Wednesday, March 31, 2010

Living the High Life in St. Louis

We went to San Lucas for Spring Break. I mean San Louis. I mean St. Louis! They sure sound alike! We didn't go to a beach, but we did go to the coolest place ever: the City Museum.

I've been trying to describe this to people and it comes out sounding like a McDonald's Playland. It's not like that at all! It's five stories of wire tubing, which you crawl through and then all the sudden you're in a burned out airplane, eye to eye with a real bird. Later, you slide down a slide that is so steep it's practically inverted.

Naturally, I was wearing flats. You know how, when you're up high, you think about how you could easily lose a shoe. That would be scary because you'd think, "Am I falling or is it just my shoe? Is my foot in that shoe?" The whole line of thought leaves your stomach in your throat. There were times where I had to convince myself getting to the end of the tube was a matter of life and death.

At one point, I turned to Justin and said, "This is the stuff nightmares are made of."

But it was a really cool nightmare, you know?

Johnny said, "I feel like we're some kids that found an abandoned place and turned it into this." It's the kind of place where you imagine stuff like that.

While in St. Louis, I also, ahem, met up with my agent. Did you know I have an agent? For my children's books. I feel funny mentioning it here because ever since I became a writer, I've gotten used to bad news. The good thing about bad news is it can be entertaining for others. Nobody likes to read about how you had breakfast with your, ahem, agent. When I got an agent, Richie asked, "Is she a secret agent?" So I guess that's why I've been keeping it a least as far as the blog is concerned.

In truth, she has sold three of my picture books (two written, one to-be written!) I don't believe it, either. It feels like something that's happening to someone else. In fact, if this is something that's happening to you and I'm passing it off as something that's happening to me, please let me know before I get carried away.

Hmm, why have I never done that before? You all seem to have interesting jobs. Successful. Purposeful. Why have I never pretended to have one of your jobs? And now it's too late because I have a job of my own. Guess I missed that boat.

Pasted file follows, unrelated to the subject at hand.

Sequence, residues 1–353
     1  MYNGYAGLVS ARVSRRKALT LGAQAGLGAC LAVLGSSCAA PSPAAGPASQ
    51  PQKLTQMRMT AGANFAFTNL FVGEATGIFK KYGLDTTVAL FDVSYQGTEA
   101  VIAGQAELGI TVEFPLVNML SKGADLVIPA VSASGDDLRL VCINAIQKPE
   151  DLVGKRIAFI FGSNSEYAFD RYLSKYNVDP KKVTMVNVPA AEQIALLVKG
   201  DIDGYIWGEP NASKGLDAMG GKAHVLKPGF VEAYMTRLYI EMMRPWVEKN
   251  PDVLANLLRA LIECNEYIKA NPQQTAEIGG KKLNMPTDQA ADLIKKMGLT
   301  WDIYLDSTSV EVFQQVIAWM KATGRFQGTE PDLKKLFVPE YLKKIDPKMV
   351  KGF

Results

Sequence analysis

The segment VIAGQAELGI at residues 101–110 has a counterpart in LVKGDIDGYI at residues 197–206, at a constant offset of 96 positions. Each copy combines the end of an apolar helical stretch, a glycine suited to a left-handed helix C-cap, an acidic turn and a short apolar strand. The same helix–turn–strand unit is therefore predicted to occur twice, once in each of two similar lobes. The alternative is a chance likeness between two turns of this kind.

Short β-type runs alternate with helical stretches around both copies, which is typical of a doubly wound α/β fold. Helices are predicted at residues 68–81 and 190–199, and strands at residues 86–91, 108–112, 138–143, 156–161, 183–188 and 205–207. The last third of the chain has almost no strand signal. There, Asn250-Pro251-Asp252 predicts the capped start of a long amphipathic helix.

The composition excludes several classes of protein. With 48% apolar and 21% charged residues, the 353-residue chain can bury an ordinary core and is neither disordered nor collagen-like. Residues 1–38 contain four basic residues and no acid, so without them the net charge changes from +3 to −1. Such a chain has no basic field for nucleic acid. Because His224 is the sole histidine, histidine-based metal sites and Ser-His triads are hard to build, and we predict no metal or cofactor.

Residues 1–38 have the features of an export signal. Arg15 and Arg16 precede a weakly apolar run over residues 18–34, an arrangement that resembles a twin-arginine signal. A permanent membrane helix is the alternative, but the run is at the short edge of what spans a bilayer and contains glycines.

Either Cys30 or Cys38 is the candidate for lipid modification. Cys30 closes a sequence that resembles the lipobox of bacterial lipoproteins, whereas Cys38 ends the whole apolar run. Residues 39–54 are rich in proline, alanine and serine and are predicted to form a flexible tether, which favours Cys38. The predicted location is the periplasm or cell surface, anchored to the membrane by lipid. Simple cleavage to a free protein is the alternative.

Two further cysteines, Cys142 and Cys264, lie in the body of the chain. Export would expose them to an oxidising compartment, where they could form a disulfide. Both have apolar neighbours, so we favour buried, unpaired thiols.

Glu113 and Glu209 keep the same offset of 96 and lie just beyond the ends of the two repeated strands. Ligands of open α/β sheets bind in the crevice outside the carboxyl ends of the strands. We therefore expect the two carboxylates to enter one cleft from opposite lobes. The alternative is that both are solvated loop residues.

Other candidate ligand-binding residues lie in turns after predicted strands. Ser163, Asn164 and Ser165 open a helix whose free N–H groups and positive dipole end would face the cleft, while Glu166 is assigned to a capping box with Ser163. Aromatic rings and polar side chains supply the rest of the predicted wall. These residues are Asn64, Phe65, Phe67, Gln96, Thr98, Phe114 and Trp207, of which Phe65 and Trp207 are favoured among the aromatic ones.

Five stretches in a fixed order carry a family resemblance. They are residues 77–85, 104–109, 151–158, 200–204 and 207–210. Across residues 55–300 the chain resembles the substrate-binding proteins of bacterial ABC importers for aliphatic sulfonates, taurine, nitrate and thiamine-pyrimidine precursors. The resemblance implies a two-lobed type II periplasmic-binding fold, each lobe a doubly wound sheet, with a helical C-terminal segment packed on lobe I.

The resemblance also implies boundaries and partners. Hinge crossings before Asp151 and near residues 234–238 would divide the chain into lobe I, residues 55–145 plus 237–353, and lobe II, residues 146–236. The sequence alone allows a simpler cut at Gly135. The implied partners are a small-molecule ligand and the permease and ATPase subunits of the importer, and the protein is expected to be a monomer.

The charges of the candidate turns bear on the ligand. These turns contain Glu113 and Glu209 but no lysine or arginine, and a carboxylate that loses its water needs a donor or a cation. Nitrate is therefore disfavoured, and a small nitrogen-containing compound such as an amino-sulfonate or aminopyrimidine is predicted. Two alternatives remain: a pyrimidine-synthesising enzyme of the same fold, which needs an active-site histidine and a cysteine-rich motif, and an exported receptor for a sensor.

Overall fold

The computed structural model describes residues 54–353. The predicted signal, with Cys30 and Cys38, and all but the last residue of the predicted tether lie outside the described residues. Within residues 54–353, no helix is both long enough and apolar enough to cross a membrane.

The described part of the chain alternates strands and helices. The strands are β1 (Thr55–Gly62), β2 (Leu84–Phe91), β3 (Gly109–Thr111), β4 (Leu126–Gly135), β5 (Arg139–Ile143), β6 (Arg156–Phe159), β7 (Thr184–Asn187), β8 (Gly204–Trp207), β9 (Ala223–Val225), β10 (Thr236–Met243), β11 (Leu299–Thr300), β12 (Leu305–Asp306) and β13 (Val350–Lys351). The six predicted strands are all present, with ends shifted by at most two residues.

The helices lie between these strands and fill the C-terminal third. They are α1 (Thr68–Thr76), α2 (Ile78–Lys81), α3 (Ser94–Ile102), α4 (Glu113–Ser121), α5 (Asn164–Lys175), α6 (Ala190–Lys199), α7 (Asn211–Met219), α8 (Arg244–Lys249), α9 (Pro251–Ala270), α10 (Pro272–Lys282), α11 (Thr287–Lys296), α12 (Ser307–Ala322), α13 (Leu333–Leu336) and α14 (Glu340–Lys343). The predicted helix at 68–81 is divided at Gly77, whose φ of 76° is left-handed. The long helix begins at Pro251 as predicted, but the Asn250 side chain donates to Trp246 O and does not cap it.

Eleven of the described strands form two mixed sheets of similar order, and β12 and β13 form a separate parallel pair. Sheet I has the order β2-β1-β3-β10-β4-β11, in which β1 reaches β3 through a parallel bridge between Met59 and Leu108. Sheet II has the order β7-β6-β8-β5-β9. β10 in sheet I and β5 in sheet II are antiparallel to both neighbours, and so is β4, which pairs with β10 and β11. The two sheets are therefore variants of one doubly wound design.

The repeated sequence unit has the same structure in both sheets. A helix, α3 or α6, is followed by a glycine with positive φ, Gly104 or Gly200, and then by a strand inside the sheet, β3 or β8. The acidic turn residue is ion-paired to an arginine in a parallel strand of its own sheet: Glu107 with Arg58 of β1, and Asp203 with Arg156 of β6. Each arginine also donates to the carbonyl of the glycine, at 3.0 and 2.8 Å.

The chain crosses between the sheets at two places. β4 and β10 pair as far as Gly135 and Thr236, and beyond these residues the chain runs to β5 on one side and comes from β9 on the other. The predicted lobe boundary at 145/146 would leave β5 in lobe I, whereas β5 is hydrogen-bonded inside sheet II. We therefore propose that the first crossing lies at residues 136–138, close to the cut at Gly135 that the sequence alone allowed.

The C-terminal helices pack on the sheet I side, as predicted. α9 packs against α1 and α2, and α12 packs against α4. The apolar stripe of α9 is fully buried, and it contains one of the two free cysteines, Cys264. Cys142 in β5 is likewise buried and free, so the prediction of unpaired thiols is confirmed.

Agent or no agent, children's book writing is a tough way to make a living. The good news is: Everybody's so nice! It's like you're in a business where your colleagues all happen to be your former kindergarten teacher. That's how nice they are. Which is great because I'm not exactly a tough cookie. I mean, occassionally I am. But as a rule, I'm more of an ice cream sandwich.

I've always wished I'd walk by somebody and they'd say, "There goes one tough broad." But that's never happened. So this business suits me just fine, and the meeting went great.

The picture books will come out next takes a while!

Friday, March 05, 2010

Everybody Makes Mistakes...

So much to write about, so little time...

First, my nephew, Luke Trosper Brewster, was born--named after my older brother Luke (but my brother Josh's son.) He is very cute and has tested to be a genius. Did I spell genius right? I certainly hope so.

The boys and I were holding Luke in the hospital room--I think J.J. was holding him, when the nurse came in and told my sister-in-law Sarah she'd be right back to draw blood and start an I.V. Sarah is very laid back and said that sounded fine.

Then my brother walked in from getting dinner and asked what was going on (because the nurse was rushing around.)

The nurse said, "I'm going to draw blood and start the I.V."

Josh asked, "For what reason?"

The nurse said, "Because she's in labor."

Josh said, "We already had the baby." He pointed to the baby.